Book Picks: Halloween
The air is crisp, the apples are ready for picking, and there are pumpkins everywhere. It’s October and Halloween is just around the corner. Although I dread the arrival of colder weather, there’s no better to better way to fight the autumn chills than a under cozy blanket a good book. So grab your favorite fleece, sip a cup of apple cider, and get in the harvest spirit with these more-silly-than-spooky Halloween reads.
Creepy Carrots! by Aaron Reynolds
Jasper Rabbit loves carrots. He loves them so much that he could just never get enough of them…but one day, he becomes convinced that the carrots might be fighting back. CREEPY! Jasper Rabbit devises a very creative way to deal with his fear, and this surprise ending will have you’re your little carrot lover cheering! You’ll also be delighted by the illustrations in this Caldecott honor book. Every page looks like a frame from an old black and white film. This might just make you cheer–not creepy, but CREATIVE!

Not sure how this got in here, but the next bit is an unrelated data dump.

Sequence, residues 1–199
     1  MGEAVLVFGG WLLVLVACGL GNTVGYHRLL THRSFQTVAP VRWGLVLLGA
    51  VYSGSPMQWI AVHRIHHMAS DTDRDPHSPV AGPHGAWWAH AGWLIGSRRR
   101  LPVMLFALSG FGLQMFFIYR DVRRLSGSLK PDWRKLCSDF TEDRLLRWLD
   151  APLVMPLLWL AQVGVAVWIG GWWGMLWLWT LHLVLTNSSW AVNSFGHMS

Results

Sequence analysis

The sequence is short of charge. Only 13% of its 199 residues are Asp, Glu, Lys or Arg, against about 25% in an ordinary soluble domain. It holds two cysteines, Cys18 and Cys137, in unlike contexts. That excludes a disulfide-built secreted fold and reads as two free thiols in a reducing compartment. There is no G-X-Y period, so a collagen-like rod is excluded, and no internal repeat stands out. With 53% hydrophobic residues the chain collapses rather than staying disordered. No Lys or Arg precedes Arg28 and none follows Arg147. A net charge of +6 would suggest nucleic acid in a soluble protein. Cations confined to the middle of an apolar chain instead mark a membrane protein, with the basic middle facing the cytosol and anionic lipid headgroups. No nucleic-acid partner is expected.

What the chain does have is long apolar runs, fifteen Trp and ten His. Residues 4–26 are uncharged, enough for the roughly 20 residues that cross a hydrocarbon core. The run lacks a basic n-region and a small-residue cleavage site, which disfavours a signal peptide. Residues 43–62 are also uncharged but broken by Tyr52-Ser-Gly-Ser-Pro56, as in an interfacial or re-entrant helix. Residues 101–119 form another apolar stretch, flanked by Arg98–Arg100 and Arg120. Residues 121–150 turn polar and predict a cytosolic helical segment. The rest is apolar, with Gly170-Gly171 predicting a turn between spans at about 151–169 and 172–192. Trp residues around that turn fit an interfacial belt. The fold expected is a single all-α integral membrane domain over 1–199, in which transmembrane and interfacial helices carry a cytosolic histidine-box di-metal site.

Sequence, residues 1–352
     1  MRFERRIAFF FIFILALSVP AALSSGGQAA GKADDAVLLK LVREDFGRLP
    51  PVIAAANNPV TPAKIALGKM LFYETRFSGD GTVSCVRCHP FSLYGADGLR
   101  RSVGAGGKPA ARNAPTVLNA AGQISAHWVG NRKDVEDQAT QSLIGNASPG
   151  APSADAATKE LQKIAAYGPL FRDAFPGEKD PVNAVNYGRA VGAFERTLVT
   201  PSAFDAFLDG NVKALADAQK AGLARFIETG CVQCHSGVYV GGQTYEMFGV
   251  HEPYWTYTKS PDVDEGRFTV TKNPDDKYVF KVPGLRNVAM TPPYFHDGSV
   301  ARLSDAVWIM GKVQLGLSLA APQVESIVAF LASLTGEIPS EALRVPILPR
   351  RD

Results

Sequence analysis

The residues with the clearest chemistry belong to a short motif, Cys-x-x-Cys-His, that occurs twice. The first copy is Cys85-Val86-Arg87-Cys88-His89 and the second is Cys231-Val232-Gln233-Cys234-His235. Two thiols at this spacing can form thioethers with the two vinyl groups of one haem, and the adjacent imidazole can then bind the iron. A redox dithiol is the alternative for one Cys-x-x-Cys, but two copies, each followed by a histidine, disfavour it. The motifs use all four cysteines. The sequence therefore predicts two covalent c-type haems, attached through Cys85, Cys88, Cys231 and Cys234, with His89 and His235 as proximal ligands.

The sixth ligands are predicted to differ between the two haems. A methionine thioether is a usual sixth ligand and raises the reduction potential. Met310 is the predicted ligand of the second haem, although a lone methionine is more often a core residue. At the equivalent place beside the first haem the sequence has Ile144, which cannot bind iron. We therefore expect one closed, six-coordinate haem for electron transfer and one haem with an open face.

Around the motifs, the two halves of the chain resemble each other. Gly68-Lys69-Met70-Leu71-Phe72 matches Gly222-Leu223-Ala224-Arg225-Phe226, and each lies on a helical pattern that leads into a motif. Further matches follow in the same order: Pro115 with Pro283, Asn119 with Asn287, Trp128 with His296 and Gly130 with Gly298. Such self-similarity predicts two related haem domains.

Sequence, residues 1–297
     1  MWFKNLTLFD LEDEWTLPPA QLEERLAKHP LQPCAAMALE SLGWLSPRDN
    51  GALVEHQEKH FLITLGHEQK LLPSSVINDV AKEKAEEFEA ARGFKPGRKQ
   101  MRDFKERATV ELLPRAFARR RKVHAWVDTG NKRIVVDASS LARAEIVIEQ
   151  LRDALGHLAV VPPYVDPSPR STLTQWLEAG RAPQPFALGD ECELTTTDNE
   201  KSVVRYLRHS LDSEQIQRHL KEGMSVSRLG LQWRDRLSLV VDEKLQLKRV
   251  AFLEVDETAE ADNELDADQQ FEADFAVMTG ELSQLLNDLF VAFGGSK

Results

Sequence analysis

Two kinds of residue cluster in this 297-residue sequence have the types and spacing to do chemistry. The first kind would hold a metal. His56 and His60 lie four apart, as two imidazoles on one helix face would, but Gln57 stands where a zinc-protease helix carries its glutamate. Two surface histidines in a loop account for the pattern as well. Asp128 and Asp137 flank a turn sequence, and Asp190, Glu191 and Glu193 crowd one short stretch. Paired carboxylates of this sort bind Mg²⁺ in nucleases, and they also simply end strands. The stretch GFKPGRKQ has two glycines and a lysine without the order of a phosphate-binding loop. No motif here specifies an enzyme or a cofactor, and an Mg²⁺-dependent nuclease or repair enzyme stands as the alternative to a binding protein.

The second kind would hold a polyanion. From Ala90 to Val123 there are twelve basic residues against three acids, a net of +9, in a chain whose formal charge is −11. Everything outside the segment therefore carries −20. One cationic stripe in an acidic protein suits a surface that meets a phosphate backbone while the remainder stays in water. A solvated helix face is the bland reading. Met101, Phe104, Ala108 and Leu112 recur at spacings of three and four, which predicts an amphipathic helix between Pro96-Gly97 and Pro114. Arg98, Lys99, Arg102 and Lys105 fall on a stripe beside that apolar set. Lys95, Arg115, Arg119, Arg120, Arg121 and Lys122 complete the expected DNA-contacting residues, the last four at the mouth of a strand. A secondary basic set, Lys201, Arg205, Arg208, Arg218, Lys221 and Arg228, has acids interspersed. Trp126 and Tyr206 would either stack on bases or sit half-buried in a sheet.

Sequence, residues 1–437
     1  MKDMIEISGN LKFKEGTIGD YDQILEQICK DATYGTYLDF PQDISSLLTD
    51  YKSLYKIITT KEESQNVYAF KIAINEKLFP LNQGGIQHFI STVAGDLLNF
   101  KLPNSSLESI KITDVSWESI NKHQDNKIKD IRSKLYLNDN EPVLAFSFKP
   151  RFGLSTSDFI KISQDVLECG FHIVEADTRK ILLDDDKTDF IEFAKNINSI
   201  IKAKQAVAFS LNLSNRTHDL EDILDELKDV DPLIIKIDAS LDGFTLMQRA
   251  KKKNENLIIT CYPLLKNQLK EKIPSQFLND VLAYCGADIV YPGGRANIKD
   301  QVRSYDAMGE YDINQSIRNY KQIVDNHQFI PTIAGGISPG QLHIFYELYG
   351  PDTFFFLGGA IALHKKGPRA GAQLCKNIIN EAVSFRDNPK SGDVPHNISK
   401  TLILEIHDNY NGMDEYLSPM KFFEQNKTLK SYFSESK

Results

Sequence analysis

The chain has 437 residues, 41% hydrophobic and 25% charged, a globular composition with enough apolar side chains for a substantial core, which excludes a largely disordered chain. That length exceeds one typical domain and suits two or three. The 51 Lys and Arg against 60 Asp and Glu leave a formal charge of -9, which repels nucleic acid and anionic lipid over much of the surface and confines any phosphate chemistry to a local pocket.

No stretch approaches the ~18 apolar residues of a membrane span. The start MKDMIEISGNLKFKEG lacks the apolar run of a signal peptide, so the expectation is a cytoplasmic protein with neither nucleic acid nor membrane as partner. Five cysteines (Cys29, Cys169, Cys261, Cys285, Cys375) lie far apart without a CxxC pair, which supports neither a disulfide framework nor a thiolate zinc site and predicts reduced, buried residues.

Room on the Broom by Julia Donaldson
The witch and her cat follow many twists and turns as they ride through the story on an ever crowded-broom. This book is written in couplet form and feels rather reminiscent of Dr. Seuss. The sing-song effect that’s created will allow your little one to guess the next line, and might inspire a Halloween poem of her very own. The tale ends with a nod toward the triumph of teamwork when a broken broom is replaced by a super-deluxe model with upholstered seats for everyone!
Alpha Oops! H is for Halloween by Alethea Kontis
This holiday themed book is the sequel to Apha Oops! The Day Z Went First, written by a local author, Alethe Kontis, who resides in Murfreesboro, TN. Although the book starts off in a predictable manner, “A is for—“ it quickly tumbles into alphabetic chaos: “H is for Halloween. Z is for zombie.” The letters get all dressed up for the occasion in costumes such as goblins and yetis. I love the way this book gets children playing with letters and language. It illustrates the fact that letter in real life don’t occur in alphabetic order, and it’s even more fun that way. For the child who needs to keep track, there’s a running record of the letters introduced so far, at the bottom of each page. A small character places them in the traditional order, so you can see how many letters are left to go.
Other ghoulish tales for your little one:
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Bringing Books to Life
Bringing Books to Life helps educators and parents find fun and innovative ways to inspire children to read.
Elizabeth Atack, Program Coordinator
Megan Godbey, Adult Literacy Coordinator/GROW facilitator
Klem-Mari Cajigas, Bilingual GROW Project Facilitator